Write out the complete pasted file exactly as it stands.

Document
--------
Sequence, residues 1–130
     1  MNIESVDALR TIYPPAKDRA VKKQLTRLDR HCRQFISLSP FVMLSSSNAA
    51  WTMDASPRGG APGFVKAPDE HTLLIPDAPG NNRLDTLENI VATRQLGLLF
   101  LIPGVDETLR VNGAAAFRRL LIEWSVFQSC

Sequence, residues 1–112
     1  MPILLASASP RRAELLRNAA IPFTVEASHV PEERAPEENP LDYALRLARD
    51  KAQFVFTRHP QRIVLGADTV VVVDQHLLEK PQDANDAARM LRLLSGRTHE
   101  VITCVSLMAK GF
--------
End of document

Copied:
Sequence, residues 1–130
     1  MNIESVDALR TIYPPAKDRA VKKQLTRLDR HCRQFISLSP FVMLSSSNAA
    51  WTMDASPRGG APGFVKAPDE HTLLIPDAPG NNRLDTLENI VATRQLGLLF
   101  LIPGVDETLR VNGAAAFRRL LIEWSVFQSC

Sequence, residues 1–112
     1  MPILLASASP RRAELLRNAA IPFTVEASHV PEERAPEENP LDYALRLARD
    51  KAQFVFTRHP QRIVLGADTV VVVDQHLLEK PQDANDAARM LRLLSGRTHE
   101  VITCVSLMAK GF